This beverage may benefit people with earliest Alzheimer’s disease

This beverage may benefit people with earliest Alzheimer’s disease

In a new study, researchers found that a nutritional drink designated a “food for special medical purposes” could benefit people with mild cognitive impairment, the earliest stages of Alzheimer’s disease.

The drink contains the multi-nutrient combination Fortasyn Connect, which include DHA and EPA (omega 3); uridine monophosphate; choline; vitamins B12, B6, C, E, and folic acid; phospholipids; and selenium.

The multi-nutrient combination Fortasyn Connect was developed by Richard Wurtman and colleagues at MIT.

The current research was done by a team from Spain.

People with the earliest stage of Alzheimer’s have mild but noticeable cognitive impairment.

Previous research has shown that Fortasyn Connect can have benefits in early AD.

In the study, the team aimed to whether this multi-nutrient combination can benefit patients with mild cognitive impairment.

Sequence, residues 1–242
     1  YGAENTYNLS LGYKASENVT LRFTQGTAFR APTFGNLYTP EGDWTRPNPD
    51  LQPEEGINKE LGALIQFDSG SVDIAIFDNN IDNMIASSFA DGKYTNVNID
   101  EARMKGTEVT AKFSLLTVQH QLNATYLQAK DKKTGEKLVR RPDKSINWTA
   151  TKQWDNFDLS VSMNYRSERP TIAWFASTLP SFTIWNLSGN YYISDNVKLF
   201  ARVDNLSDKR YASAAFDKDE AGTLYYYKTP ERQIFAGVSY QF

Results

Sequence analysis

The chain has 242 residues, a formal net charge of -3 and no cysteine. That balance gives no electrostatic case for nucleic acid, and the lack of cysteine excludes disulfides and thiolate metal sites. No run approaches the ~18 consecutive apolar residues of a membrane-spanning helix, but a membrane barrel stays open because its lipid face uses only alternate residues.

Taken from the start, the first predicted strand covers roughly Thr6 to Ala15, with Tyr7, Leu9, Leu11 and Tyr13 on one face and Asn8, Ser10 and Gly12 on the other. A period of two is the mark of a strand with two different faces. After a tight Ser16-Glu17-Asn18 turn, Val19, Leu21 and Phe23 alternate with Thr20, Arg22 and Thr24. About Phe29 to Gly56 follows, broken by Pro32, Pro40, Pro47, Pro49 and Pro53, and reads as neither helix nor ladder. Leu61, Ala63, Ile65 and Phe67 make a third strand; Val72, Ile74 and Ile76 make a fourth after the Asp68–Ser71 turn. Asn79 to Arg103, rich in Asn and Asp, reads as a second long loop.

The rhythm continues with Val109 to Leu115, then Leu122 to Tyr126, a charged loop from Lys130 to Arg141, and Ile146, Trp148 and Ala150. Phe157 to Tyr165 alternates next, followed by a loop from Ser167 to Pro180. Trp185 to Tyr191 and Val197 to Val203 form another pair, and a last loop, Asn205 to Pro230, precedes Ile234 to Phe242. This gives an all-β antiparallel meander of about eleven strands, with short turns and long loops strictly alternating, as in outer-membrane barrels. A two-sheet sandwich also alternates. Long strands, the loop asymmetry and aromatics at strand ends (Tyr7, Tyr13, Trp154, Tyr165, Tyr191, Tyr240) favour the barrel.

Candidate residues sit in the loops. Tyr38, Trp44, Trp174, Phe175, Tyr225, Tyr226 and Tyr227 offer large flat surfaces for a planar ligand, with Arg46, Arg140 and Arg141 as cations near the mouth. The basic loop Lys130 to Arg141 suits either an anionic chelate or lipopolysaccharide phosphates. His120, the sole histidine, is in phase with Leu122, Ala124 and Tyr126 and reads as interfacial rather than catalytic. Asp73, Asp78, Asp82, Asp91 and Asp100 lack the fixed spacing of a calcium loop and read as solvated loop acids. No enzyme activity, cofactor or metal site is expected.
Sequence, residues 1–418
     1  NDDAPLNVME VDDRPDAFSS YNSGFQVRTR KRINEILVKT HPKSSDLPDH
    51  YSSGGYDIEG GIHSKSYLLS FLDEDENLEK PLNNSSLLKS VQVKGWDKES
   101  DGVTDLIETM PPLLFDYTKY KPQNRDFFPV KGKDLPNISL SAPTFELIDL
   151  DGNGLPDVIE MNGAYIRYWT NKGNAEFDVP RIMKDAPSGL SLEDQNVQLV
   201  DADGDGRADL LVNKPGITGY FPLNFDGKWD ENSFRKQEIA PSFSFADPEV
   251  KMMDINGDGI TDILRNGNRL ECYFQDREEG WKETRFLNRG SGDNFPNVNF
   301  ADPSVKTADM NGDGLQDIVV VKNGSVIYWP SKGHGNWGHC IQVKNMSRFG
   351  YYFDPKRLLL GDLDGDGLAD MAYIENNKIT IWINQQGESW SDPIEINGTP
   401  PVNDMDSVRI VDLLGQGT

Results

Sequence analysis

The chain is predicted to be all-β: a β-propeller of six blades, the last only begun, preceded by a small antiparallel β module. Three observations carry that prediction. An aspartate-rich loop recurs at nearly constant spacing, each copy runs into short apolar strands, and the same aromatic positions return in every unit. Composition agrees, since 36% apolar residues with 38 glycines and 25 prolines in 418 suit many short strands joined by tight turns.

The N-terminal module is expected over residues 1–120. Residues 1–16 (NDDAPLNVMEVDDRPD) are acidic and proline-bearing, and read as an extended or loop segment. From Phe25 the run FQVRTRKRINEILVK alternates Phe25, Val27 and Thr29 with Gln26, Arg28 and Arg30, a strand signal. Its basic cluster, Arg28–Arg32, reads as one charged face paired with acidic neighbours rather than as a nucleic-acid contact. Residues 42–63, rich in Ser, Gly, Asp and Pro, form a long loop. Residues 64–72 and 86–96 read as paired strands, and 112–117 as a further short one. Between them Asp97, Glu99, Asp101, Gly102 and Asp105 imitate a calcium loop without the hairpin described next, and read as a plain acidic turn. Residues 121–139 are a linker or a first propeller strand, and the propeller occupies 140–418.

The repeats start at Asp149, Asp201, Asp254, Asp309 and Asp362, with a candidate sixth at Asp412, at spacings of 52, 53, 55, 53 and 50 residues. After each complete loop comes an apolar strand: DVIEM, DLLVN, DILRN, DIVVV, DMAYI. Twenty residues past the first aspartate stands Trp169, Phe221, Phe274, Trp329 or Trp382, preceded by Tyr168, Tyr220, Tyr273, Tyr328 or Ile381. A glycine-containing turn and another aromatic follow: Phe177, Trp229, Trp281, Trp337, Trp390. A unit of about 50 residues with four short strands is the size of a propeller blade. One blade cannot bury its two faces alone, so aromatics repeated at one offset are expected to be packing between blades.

The team tested 43 patients with mild cognitive impairment and their average age was 70.

Seventeen patients received the beverage and 24 patients were in the group without intervention, and two patients withdrew.

The team found that the group with no nutritional intervention had much worse health outcomes than the group receiving the product.

These people had worse performance in memory performance, executive functions, and attention during the time of the study (1 year), while the group receiving the product showed a stabilization in these tests.

In addition, caregivers showed a stabilization or improvement in the group with nutritional intervention.

The team concludes that the product can benefit patients with mild cognitive impairment who are at risk of progressing to the dementia stage of Alzheimer’s.

The product could provide nutritional support and help benefit brain neurons.

Future work needs to test if the product can help develop a new treatment used in clinical settings.

One author of the study is Maria Sagrario Manzano Palomo, MD, Ph.D., Department of Neurology.

The study is published in the Journal of Alzheimer’s Disease Reports.

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